Vomiting

Nausea is an uneasiness of the stomach that often comes before vomiting. Vomiting is the forcible voluntary or involuntary emptying (“throwing up”) of stomach contents through the mouth.

What Causes Nausea or Vomiting?

Nausea and vomiting are not diseases, but they are symptoms of many conditions such as:

  • Motion sickness or seasickness
  • Early stages of pregnancy (nausea occurs in approximately 50%-90% of all pregnancies; vomiting in 25%-55%)
  • Medication-induced vomiting
  • Intense pain
  • Emotional stress (such as fear)
  • Gallbladder disease
  • Food poisoning
  • Infections (such as the “stomach flu”)
  • Overeating
  • A reaction to certain smells or odors
  • Heart attack
  • Concussion or brain injury
  • Brain tumor
  • Ulcers
  • Some forms of cancer
  • Bulimia or other psychological illnesses
  • Gastroparesis or slow stomach emptying (a condition that can be seen in people with diabetes)
  • Ingestion of toxins or excessive amounts of alcohol

The causes of vomiting differ according to age. For children, it is common for vomiting to occur from a viral infection, food poisoning, milk allergy, motion sickness, overeating or feeding, coughing, or blocked intestines and illnesses in which the child has a high fever.

The timing of the nausea or vomiting can indicate the cause. When appearing shortly after a meal, nausea or vomiting may be caused by food poisoning, gastritis (inflammation of the stomach lining), an ulcer, or bulimia. Nausea or vomiting one to eight hours after a meal may also indicate food poisoning. However, certain food- borne bacteria, such as salmonella, can take longer to produce symptoms.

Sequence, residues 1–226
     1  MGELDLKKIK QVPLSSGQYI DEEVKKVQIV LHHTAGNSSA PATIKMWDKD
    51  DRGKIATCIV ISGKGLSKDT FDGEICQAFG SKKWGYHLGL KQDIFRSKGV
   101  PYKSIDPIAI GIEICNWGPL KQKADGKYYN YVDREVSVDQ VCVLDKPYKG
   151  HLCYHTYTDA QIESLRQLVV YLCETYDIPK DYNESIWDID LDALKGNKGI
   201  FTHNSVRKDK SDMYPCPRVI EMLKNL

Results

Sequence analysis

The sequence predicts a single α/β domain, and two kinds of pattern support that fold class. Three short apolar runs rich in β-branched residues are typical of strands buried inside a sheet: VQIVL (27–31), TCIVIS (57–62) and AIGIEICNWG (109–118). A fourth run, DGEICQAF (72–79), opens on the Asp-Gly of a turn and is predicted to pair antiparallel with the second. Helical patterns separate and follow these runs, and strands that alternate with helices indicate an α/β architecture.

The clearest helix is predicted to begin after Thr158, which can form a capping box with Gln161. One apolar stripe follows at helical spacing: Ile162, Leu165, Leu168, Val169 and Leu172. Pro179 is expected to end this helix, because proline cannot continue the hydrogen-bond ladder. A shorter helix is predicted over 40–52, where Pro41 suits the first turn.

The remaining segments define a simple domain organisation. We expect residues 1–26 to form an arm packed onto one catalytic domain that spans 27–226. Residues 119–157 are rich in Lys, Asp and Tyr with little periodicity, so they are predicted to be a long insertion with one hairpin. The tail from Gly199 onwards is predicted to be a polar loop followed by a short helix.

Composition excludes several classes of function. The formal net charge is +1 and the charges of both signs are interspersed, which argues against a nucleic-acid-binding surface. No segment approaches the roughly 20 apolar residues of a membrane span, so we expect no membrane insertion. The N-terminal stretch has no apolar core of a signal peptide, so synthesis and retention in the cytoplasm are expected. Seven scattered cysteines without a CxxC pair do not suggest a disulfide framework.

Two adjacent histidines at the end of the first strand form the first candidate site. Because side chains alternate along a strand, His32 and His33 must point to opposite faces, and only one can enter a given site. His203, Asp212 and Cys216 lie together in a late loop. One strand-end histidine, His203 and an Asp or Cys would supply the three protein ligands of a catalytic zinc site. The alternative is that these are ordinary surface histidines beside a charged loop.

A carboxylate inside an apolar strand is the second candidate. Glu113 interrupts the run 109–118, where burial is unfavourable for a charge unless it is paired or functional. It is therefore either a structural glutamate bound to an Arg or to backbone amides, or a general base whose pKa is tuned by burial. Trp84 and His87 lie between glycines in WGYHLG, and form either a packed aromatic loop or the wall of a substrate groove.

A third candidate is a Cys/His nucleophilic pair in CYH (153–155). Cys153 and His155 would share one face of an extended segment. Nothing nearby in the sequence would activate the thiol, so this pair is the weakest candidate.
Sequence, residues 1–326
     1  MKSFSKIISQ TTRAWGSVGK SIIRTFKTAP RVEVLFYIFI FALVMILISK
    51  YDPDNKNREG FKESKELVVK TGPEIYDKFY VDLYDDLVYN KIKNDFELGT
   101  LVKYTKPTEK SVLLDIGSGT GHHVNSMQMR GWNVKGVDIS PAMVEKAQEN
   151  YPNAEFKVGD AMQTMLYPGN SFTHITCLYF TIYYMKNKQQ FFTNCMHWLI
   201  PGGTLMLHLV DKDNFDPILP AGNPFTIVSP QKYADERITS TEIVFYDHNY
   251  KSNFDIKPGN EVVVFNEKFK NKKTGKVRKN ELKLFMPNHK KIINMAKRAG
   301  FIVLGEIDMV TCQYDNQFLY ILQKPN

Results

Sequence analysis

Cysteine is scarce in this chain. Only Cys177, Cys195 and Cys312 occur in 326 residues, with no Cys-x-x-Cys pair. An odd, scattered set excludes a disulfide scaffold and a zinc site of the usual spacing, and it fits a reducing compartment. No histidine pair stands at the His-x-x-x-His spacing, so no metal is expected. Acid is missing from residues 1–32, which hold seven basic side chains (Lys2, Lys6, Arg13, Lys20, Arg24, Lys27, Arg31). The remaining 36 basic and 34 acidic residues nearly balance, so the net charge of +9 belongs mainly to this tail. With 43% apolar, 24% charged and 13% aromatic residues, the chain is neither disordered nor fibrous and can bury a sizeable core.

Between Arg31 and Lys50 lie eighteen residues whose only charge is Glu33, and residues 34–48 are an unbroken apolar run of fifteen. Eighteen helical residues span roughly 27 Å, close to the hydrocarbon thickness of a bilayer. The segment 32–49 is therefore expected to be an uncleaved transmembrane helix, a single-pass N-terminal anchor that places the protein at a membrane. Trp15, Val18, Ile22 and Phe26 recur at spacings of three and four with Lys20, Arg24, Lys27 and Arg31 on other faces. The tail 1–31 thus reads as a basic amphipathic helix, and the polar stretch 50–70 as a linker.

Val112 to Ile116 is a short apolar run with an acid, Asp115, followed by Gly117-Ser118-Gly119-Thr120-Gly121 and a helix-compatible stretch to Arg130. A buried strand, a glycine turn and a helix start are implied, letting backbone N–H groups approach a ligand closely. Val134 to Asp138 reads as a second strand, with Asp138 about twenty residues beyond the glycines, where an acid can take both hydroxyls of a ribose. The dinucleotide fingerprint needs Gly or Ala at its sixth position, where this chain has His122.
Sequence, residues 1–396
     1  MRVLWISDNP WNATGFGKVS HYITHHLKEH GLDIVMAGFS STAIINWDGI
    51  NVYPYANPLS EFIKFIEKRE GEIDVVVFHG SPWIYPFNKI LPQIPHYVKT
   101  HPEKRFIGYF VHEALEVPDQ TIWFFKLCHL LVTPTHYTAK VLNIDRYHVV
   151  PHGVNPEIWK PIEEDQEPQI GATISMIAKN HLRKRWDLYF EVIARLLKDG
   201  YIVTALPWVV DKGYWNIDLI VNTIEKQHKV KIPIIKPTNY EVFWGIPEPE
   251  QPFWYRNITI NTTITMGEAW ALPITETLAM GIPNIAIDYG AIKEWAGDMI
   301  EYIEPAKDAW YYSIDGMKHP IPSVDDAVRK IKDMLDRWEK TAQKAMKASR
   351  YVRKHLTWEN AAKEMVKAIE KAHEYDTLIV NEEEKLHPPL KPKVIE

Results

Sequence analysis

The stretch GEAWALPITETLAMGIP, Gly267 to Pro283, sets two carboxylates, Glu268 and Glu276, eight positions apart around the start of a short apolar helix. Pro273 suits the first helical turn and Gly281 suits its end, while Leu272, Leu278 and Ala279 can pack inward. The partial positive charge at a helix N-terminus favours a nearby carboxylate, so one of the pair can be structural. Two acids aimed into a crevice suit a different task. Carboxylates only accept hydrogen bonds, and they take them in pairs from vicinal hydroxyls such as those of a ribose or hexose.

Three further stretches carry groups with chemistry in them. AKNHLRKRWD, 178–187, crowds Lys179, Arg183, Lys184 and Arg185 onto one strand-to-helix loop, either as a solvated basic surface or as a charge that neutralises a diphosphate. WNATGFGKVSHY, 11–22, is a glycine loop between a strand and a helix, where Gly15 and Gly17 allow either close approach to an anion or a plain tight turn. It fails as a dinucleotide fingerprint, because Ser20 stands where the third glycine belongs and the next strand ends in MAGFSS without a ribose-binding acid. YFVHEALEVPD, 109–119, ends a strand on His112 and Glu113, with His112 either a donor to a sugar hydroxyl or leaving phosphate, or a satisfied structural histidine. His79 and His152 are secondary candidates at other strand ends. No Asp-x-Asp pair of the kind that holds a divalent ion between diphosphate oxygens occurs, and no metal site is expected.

When should you seek care at Accelerated Urgent Care?

  • Repetitive nausea with vomiting
  • Unable to hold down fluids
  • Dizziness
  • Weakness
  • Feeling like passing out
  • Associated chest pain
  • Any other symptoms listed above in the “What causes Nausea and Vomiting” section

Treatment

Accelerated Urgent Care will treat your nausea, vomiting, and other symptoms such as dehydration and investigate the underlying cause of your symptoms. You may or not get an injection to stop vomiting or even receive fluids through an IV to feel better.

Other tests may be performed to determine the cause of your nausea and vomiting.

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